Jan. 26, 2021

Really? Right up their noses?

by Dymitri Haraszewski (author's profile)


Really? Right Up Their Noses?
I didn't want to write any more about my corona virus experience, but a few things are still nagging at me. First, my personal update: In the month and a half since I was infected, I'm not feeling much better, and in some ways, it's worse. My lungs are bad, no stamina, no energy. I've lost weight and I feel physically weak. Mentally weak, too... sort of foggy, fuzzy, forgetful. Not sure what that's about but all of this together is beginning to scare me. Some days my chest hurts so bad, with heavy lungs and pain around my heart, that I actually consider seeing the nurses here. In any normal situation, of course I would, but it's totally irrational for me now, since I know all too well that involving prison staff is much more likely to make my situation worse rather than better. Just like after that original positive test, when the forced "care" degraded me from mildly symptomatic down to significant and lasting impairment. The prison medical "service" isn't just good for nothing; it's down-right bad for everything.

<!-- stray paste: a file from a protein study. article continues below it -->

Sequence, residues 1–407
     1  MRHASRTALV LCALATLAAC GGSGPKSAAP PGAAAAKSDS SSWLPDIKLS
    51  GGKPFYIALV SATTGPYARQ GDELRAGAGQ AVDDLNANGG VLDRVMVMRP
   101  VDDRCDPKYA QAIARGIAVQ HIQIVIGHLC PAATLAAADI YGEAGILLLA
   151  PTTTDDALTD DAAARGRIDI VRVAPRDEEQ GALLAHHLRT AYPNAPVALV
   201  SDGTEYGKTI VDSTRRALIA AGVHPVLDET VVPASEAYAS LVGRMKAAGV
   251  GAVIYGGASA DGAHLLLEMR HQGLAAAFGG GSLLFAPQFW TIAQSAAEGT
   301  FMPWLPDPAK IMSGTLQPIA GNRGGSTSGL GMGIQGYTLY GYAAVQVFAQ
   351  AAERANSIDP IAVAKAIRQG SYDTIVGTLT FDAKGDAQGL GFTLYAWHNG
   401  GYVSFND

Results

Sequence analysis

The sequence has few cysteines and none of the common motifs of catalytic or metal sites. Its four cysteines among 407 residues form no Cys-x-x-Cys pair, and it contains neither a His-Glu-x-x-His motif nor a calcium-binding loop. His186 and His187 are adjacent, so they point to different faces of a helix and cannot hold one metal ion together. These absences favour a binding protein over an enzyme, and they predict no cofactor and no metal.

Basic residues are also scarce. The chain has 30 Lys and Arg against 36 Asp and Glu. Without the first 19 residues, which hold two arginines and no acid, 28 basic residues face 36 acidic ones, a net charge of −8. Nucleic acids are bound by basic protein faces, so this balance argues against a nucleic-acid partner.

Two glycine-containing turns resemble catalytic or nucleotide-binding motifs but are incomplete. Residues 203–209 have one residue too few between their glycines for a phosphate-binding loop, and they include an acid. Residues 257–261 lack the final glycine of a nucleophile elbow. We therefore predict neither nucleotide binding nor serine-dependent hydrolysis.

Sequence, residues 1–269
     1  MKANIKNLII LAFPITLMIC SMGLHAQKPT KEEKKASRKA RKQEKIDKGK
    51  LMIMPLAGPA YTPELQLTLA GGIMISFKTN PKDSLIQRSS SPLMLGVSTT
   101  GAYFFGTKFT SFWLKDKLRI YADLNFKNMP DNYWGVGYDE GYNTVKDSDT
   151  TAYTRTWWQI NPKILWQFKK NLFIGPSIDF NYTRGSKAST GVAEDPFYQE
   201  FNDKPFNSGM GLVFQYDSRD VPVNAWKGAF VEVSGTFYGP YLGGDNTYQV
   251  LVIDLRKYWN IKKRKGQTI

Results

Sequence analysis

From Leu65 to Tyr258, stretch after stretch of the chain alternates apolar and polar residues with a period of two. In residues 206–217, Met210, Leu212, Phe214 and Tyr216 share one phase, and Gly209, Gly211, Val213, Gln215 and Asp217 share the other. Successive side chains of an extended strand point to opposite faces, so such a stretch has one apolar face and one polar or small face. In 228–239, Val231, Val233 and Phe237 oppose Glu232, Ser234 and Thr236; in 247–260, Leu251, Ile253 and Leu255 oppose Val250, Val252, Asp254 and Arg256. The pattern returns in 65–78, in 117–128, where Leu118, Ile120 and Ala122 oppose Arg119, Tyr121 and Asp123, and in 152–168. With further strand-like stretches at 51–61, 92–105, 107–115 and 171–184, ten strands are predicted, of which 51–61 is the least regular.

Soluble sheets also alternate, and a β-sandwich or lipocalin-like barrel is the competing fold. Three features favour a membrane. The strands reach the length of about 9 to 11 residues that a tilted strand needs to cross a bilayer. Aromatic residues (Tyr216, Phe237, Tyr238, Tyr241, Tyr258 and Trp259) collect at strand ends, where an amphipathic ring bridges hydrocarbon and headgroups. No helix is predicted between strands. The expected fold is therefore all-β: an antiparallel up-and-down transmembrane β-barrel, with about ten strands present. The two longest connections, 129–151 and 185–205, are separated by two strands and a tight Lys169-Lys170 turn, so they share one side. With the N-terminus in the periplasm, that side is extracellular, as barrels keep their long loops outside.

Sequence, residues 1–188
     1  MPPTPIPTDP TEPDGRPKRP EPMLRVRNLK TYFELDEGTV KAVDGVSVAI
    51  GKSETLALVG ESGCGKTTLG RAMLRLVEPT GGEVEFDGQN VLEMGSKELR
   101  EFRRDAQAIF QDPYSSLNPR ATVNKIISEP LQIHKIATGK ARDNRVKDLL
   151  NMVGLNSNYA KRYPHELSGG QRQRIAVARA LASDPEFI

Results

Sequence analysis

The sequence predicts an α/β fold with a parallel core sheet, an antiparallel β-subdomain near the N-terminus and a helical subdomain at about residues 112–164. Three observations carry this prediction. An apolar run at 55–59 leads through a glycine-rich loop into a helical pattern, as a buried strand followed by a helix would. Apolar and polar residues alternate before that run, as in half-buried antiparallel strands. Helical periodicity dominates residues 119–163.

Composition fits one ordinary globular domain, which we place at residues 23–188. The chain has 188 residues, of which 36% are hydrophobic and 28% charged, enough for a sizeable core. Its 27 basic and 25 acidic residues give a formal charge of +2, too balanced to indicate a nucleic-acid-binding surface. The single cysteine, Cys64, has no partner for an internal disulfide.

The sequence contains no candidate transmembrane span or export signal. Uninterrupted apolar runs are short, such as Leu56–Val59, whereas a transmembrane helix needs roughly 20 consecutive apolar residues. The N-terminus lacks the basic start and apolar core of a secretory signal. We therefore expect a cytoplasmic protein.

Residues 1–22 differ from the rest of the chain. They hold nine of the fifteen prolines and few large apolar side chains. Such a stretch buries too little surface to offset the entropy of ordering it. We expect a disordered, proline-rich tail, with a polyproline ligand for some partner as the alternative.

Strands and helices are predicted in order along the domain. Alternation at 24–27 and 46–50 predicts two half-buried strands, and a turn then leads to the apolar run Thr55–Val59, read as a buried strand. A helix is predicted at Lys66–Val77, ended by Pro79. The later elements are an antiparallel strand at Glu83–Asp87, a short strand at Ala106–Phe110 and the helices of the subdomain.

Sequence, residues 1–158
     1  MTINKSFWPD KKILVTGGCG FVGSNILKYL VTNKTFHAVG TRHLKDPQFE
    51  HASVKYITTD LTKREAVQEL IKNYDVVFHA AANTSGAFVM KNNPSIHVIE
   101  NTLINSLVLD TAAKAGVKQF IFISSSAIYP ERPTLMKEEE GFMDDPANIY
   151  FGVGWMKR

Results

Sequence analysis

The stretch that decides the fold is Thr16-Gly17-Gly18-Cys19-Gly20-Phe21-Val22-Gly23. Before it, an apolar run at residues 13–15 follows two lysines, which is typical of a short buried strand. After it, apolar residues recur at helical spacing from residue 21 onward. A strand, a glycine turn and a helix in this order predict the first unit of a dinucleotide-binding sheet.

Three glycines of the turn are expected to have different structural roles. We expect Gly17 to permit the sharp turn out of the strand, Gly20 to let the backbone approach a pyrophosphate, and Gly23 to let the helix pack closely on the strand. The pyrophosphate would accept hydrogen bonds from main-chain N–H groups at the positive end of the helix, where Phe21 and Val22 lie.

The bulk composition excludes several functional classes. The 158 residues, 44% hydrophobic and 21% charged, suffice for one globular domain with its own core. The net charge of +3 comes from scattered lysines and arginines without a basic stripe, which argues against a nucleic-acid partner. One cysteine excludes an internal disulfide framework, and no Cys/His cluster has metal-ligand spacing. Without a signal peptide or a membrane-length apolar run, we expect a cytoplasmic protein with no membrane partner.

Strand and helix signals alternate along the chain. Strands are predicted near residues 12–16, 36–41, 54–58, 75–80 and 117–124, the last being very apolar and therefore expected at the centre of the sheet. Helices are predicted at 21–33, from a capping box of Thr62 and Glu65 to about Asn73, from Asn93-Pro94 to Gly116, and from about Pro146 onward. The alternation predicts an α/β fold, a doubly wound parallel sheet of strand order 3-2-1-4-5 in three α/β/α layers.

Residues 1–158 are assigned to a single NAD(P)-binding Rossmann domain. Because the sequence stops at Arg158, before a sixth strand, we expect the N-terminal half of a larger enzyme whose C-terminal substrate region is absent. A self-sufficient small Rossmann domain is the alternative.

The other thing on my mind...tell me, is getting tested for Covid a popular thing wherever you are? It seems to me that people generally want the tests (the miserableness of the tests notwithstanding), and that testing is important, whether to confirm we're not sick or, conversely, to learn for sure that we are, so we can take proper care or even get help from professionals. I watch T.V., I read... there are long lines to get tested, thousands of people voluntarily spending hours inching forward like in the worst of L.A. gridlock, except at the end of the bottleneck, instead of free-flowing traffic, you get a stick shoved up your nose to see if you have a potentially life-altering illness. Good times. Still, people do want this, and it would be a rare bird indeed who, in the real world, went to all that trouble then actively tried to manipulate a false negative result. After all...what would be the point?
Enter prison, the Bizarro-World, upside down and backward in every way.
Here in Prisonland, we first got tested around July. No positive cases; no further testing. Over time, as more people showed symptoms, some of the 15 buildings here (each caging nearly 200 prisoners apiece) had outbreaks, yet my own building still tested only twice from July to November, embracing the ostrich theory of healthcare -- if an illness isn't on paper, then no one has it. Yay!